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Thursday 22 March 2018

United Ireland

Tyrone footballer Brian Dooher, manager Mickey Harte, Tyrone county board chairman Ciaran McLaughlin and GAA President Christy Cooney carry the coffin of murdered PSNI constable Ronan Kerr through his home town of Beragh, Co Tyrone yesterday
Ronan's mother Nuala and family follow his coffin through the town of Beragh
Mr Kerr's colleagues wait for his coffin to be carried from the church
PSNI officers and Ronan Kerr's GAA club form a guard of honour as his coffin is carried into the church
Sinn Fein president Gerry Adams, Northern Ireland First Minister Peter Robinson, Deputy First Minister Martin McGuinness and Taoiseach Enda Kenny at the funeral
A peace rally in Belfast held in response to the murder

David McKittrick

A PROFOUND silence hung over the Tyrone village of Beragh yesterday as it laid to rest Ronan Kerr, the young Catholic police recruit killed by a dissident republican bomb.

But alongside the grieving at the terrible finality of his death, there were also unprecedented scenes of unity and harmony, which confirmed that something new and hopeful was coming into being.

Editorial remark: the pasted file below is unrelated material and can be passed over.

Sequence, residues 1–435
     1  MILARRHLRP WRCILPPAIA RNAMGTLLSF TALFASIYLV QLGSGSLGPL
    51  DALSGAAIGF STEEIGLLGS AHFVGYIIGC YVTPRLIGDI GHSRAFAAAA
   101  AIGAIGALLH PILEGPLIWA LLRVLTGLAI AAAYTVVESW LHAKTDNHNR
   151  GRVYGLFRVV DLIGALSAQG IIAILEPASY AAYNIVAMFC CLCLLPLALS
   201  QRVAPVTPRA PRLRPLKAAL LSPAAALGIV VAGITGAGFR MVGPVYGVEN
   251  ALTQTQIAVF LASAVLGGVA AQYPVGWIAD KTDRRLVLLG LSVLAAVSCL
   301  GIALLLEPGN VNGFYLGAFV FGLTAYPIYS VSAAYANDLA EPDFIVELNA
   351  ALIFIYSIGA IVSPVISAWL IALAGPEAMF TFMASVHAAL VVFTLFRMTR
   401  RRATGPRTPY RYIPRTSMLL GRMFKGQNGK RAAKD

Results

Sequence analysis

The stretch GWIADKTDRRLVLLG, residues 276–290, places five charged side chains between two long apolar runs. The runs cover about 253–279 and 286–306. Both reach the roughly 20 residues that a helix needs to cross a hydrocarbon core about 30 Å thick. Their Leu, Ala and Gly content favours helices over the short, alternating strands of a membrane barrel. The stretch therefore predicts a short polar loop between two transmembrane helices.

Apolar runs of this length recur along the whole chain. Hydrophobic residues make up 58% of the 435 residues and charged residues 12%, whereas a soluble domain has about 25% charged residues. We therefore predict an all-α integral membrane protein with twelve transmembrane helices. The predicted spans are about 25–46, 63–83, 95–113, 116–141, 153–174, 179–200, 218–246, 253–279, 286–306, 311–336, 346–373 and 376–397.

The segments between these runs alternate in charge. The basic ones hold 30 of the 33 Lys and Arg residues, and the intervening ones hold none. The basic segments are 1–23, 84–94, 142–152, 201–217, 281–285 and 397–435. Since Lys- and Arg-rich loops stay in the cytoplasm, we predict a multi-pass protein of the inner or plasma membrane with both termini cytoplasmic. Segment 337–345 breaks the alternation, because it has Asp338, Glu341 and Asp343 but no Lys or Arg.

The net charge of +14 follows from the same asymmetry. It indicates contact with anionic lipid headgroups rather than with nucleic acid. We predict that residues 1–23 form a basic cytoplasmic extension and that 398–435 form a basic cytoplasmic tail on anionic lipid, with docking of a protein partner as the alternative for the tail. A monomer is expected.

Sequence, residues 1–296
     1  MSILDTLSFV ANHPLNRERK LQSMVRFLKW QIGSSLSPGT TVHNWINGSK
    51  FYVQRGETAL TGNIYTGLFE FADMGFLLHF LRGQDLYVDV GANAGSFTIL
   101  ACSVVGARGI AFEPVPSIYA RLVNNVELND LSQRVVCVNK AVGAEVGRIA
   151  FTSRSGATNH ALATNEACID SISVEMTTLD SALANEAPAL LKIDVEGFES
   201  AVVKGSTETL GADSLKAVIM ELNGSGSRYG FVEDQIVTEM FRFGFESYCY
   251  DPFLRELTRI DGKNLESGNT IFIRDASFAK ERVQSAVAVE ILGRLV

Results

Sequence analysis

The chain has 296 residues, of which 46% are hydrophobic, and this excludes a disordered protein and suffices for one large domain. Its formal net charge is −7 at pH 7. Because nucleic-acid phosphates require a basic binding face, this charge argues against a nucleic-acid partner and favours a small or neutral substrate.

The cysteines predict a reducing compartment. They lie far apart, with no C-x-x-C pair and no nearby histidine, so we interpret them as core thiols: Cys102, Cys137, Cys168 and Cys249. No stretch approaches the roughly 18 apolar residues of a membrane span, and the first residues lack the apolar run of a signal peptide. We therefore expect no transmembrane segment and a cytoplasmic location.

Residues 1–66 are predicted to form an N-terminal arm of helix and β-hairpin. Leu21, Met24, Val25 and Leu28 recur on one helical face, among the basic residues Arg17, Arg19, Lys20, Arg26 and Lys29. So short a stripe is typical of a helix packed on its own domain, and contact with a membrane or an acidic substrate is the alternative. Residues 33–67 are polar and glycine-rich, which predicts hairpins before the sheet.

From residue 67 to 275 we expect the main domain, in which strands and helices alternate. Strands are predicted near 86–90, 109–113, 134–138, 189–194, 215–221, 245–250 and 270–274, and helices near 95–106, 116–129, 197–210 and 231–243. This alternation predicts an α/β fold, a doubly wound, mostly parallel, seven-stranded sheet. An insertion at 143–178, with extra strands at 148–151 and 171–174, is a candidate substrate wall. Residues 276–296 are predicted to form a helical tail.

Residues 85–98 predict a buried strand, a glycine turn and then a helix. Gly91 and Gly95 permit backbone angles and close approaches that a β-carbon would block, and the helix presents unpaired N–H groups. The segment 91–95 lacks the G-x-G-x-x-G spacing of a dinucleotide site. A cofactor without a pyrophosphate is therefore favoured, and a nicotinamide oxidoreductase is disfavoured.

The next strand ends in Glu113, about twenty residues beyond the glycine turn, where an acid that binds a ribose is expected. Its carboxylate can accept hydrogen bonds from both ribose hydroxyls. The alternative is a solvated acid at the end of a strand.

It is too early to say how much of a defining moment this is, but the anger at his death is so deep that yesterday it brought together elements that were always regarded as poles apart. Police colleagues carried his coffin down the main street and, at the Catholic church, provided a guard of honour. So too did colleagues from the GAA.

Mr Kerr was an enthusiastic member of both, combining his Catholic identity with a police ethos, which was why dissident republicans killed him.

Yesterday, the GAA and the police together provided striking evidence of their strong common rejection of the bombers. Police carried the coffin down most of Beragh main street, then handed it over to members of the GAA.

Among those at the service was the North's most senior unionist, the First Minister Peter Robinson, who had never before attended a Catholic Mass.

That, too, conveyed how the terrorists' hopes of wrecking the peace process by deepening divisions has instead produced a new level of political and communal unity.

Irish Independent

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